Wednesday, November 11, 2009

Why You Shouldn't Hire Someone to Manage Your LinkedIn Profile

Lately, I've noticed a rash of social media consultants offering to manage the LinkedIn profiles of busy professionals. It's one thing to hire someone to help write your profile out--that's like resume writing or having some good p.r. writing done. But to manage it?? You've *got* to be kidding me.

I think the idea comes from the old days of having a secretary. Having been one of those in the 1980's, I remember when The Boss would come in from a business lunch, hand me a card and say "Add this guy to the rollodex, will you?" Like a good little secretary, that's what I did...

Now, I know that a good analogy for describing what LinkedIn can be is that it is a kind of rolodex online. Well, it is, and it isn't. It is in that it's a way to keep your contacts in a place online. It isn't in that it your rolodex never left your office, and it didn't require you to have a password to get into it. Further, people in your rolodex ever able to see the other people in your rolodex? Could anybody off the street come in and search your rolodex (which could happen with LinkedIn, if you do not manage your privacy settings accordingly?)

When a businessperson hires someone to keep a LinkedIn profile, or has someone in his/her office keep track of that profile, they must first hand over a password. For some, this might not be a big deal, and they will change the password when and if that person leaves.

What, though, if that person has changed the password without telling you? What if that person has edited your information in a certain way, or added people they believe you should be connected with.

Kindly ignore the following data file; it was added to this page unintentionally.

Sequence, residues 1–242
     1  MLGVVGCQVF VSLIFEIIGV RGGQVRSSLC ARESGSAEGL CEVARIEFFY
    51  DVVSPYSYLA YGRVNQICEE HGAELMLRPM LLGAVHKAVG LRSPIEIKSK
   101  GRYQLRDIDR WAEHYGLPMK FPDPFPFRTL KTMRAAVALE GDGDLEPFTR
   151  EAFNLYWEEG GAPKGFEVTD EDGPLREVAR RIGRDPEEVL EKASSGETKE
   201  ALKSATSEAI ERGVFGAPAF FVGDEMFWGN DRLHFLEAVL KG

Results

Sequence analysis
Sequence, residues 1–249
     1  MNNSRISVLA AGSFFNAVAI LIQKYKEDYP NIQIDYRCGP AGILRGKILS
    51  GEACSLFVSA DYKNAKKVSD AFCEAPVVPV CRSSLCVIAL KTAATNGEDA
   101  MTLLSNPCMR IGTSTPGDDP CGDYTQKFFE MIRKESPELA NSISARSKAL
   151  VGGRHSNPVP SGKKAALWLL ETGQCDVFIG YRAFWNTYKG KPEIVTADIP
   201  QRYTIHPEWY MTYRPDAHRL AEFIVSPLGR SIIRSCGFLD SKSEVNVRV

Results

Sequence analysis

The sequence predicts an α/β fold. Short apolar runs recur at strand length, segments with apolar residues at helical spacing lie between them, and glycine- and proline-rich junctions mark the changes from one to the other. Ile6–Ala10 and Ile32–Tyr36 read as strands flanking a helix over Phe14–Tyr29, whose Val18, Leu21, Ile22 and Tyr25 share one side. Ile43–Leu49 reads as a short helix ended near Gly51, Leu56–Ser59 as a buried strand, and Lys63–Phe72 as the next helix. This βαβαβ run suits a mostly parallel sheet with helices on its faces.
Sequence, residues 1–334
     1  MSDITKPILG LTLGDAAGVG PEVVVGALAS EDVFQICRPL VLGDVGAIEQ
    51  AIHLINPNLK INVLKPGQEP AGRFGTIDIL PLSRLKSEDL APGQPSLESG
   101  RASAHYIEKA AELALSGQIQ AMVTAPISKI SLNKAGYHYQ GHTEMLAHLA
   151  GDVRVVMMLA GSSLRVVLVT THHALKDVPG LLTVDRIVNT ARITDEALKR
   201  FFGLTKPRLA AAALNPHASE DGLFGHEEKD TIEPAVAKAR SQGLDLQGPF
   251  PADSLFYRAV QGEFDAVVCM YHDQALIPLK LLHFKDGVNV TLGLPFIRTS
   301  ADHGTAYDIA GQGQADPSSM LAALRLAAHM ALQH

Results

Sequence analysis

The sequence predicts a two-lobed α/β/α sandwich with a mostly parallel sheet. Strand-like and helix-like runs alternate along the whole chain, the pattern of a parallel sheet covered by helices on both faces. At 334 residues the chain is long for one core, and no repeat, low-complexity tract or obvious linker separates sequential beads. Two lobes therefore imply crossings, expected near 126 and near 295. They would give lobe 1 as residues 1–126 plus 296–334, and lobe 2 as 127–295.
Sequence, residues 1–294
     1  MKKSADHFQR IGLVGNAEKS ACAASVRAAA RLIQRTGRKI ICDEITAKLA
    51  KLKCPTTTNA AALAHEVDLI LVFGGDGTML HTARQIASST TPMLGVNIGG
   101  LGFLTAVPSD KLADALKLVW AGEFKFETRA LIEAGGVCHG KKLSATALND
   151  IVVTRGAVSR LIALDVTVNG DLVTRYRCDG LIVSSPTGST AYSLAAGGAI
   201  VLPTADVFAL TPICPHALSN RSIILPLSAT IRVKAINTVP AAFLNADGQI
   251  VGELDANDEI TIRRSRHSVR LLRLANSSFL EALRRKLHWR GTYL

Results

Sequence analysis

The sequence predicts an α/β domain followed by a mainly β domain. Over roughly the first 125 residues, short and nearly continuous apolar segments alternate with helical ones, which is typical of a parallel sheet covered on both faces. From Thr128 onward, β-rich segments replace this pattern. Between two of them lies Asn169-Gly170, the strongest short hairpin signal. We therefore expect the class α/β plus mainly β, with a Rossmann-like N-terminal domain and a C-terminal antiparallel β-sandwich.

Businesspeople who do not fully understand social networking but feel they must be there may be far too trusting with the information they allow others to manage for them.

It's like I always say--if you refuse to be responsible for your online identity and who you are in social networking, then perhaps it's not the place for you. The Internet is not analogous to the old paper-and-filing-cabinet world. It is a web and everything put there has the potential to be linked everywhere else...

Further, the old paper-and-filing-cabinet world gave us a false sense of security. It was difficult to break into those places and to get information out of them. It lead us to believe that things like an office rolodex were private. But the Internet is different, and what you put there, even you are mindful of security settings, even if it is behind a password-protected wall, is, potentially, public information. (hence one must be careful with social security numbers, driver's license numbers and the like--which are not meant to be public information.) So, one has to be more responsible for one's own social identity information on the Internet than they were in the paper world.

Because, in the past, if a secretary got fired, he couldn't necessarily mess with your information. Now, he can. Ad in ways you might not even know.

So, while I can give you a whole bunch of links on the deeper and techological reasons why one should manage one's own LinkedIn profile, and not give it to a social media person nor to one's secretary, I'll simply borrow a phrase from Doc Searls which might apply: participating in LinkedIn could be said to be a public activity under private control When you give the management to someone else, you are giving away control over private real estate online.

And are you really ok with giving away the control of your business contacts and your business persona (which is contained in that profile) to someone else? Do you really want to be, on a social networking site, a lot of spin with a plethora of connections that might mean less to you than if they were sitting in a file on your desk?

And, if all you really want to do is keep track of the business cards you acquire, because they may be potential new business contacts, there are a whole host of tools to help you with that--all kinds of card readers and such. So you don't even need LinkedIn for that purpose.

Think about it....about what you want from social media. Assess whether or not you have the time for it--don't just hire someone to do it for you. Do it for yourself.


Trish said...

Got to admit it- I was looking for a good horror story or two. I must be an online rubber-necker.
But I do like that your secretary is a he.

Tish Grier said...

lol! the horror stories haven't surfaced yet. It's not that they're not happening. I'd say it's more that people don't want to talk about them for fear of being called dumbasses. ;-)

Wish I had a secretary. and you bet, if I did, he would be a "he" :)